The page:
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A well-known technique for providing tolerance against single hardware component failures is triplication of the component, called triple modular redundancy (TMR). In this paper a component is taken to be a processor-memory configuration where the memory is organized in a bit-sliced way. If voting is performed bitwise in an orthodox TMR configuration consisting of three of these components, failure of a complete component or failure of bit-slices not on corresponding positions in the memories can be tolerated. We present a TMR technique, not using more redundancy than orthodox TMR, that can tolerate the failure of arbitrary bit-slices (including those on corresponding positions) up to a certain amount. Additionally it can tolerate the failure of arbitrary bit-slices up to a certain amount whenever one component is known to be malfunctioning or whenever one component is disabled. This generalized TMR technique is described for processor-memory configurations processing 4-, 8-, and 16-bit words, respectively.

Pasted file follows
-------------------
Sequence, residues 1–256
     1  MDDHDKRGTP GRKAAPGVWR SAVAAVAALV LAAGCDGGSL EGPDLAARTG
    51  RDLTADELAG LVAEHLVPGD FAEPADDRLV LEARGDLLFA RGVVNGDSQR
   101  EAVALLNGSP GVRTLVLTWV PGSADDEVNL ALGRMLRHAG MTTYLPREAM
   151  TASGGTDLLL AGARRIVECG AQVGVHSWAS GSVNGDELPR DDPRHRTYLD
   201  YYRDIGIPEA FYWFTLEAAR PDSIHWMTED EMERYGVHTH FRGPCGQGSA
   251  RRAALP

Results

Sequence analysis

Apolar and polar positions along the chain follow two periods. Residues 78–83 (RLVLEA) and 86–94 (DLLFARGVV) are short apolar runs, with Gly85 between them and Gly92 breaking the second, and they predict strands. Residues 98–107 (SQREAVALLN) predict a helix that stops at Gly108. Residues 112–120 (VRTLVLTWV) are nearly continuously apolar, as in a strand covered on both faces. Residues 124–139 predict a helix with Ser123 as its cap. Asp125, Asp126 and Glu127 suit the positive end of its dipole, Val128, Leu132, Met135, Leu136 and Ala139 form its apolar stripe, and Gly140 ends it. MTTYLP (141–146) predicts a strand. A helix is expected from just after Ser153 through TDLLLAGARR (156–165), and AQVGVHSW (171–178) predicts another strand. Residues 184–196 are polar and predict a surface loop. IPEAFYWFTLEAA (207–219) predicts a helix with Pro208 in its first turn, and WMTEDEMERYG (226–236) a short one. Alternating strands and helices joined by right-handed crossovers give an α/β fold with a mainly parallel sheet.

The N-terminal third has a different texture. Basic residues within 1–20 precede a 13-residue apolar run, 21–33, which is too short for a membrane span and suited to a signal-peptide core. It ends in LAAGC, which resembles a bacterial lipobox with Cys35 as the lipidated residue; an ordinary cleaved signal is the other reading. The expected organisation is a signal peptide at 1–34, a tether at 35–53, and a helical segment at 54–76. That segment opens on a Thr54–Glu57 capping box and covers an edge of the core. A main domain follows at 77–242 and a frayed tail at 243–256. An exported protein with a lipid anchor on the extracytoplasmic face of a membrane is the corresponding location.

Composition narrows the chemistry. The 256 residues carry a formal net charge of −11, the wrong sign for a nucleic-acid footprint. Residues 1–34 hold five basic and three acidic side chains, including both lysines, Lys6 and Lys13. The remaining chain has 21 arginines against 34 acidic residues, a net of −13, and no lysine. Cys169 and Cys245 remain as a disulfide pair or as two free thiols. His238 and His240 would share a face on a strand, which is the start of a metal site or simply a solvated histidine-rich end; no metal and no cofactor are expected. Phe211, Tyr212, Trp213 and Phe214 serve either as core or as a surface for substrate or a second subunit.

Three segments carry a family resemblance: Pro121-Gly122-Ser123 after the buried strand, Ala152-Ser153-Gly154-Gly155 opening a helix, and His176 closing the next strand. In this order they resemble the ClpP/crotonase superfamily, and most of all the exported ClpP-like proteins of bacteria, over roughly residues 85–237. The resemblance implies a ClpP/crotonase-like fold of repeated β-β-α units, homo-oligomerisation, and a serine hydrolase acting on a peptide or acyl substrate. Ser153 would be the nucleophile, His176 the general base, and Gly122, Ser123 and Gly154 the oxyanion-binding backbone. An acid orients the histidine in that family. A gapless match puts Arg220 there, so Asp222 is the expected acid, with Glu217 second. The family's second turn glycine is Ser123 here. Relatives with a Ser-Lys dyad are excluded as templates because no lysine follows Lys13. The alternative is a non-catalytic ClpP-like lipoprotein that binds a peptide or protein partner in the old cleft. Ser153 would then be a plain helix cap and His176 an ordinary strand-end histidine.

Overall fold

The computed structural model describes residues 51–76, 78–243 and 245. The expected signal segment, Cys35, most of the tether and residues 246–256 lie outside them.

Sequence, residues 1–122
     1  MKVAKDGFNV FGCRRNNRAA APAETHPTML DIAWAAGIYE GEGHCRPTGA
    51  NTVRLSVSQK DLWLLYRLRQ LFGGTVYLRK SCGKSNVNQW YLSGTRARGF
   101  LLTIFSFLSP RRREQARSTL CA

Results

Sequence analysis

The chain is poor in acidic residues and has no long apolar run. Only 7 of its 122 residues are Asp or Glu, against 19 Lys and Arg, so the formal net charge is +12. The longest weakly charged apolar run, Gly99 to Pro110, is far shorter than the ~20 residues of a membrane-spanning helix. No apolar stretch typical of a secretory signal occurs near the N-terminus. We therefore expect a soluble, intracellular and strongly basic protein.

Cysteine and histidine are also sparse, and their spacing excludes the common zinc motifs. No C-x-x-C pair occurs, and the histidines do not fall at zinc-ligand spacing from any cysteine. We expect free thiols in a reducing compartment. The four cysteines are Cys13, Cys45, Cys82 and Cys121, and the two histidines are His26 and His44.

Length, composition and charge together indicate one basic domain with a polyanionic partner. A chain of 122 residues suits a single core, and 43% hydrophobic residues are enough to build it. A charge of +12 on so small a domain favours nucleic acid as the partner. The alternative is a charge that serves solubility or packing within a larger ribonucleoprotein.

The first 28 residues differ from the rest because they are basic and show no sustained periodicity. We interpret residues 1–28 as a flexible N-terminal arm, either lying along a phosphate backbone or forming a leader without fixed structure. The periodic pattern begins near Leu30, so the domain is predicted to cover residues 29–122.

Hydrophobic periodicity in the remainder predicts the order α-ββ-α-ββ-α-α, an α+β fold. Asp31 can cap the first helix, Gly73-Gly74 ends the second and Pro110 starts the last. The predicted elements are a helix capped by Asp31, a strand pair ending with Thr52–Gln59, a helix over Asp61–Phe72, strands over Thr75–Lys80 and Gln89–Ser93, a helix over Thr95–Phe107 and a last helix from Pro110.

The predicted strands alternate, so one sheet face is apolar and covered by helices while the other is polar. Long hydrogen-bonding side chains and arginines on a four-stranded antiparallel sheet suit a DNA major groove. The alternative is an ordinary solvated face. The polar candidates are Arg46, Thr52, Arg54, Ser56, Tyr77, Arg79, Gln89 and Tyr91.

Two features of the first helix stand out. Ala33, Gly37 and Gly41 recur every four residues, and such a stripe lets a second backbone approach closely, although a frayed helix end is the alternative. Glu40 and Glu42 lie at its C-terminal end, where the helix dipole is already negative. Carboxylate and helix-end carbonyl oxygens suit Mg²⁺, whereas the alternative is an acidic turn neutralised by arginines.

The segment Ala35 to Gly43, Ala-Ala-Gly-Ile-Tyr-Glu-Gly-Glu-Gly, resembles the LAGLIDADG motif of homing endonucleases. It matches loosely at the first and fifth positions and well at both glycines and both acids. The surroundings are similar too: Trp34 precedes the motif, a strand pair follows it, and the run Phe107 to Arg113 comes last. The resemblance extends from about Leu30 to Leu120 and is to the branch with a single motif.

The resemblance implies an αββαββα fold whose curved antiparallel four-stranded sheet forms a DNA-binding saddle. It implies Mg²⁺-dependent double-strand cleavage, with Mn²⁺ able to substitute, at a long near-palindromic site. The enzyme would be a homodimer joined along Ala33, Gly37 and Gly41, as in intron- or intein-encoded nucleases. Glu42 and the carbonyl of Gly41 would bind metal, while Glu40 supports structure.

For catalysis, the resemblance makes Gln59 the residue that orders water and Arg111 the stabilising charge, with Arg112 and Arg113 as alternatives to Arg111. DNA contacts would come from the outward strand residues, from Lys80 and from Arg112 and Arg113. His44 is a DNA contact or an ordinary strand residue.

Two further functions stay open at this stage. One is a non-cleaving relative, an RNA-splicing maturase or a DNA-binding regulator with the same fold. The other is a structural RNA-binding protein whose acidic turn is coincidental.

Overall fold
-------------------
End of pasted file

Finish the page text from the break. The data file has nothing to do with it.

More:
triple modular redundancy, Combined symbol and bit error detection/ correction, error-correcting codes, fault-masking/ -correction techniques, Galois fields, hardware fault-tolerant design methodology

W. Van Gils, "A Triple Modular Redundancy Technique Providing Multiple-Bit Error Protection Without Using Extra Redundancy," in IEEE Transactions on Computers, vol. 35, no. , pp. 623-631, 1986.
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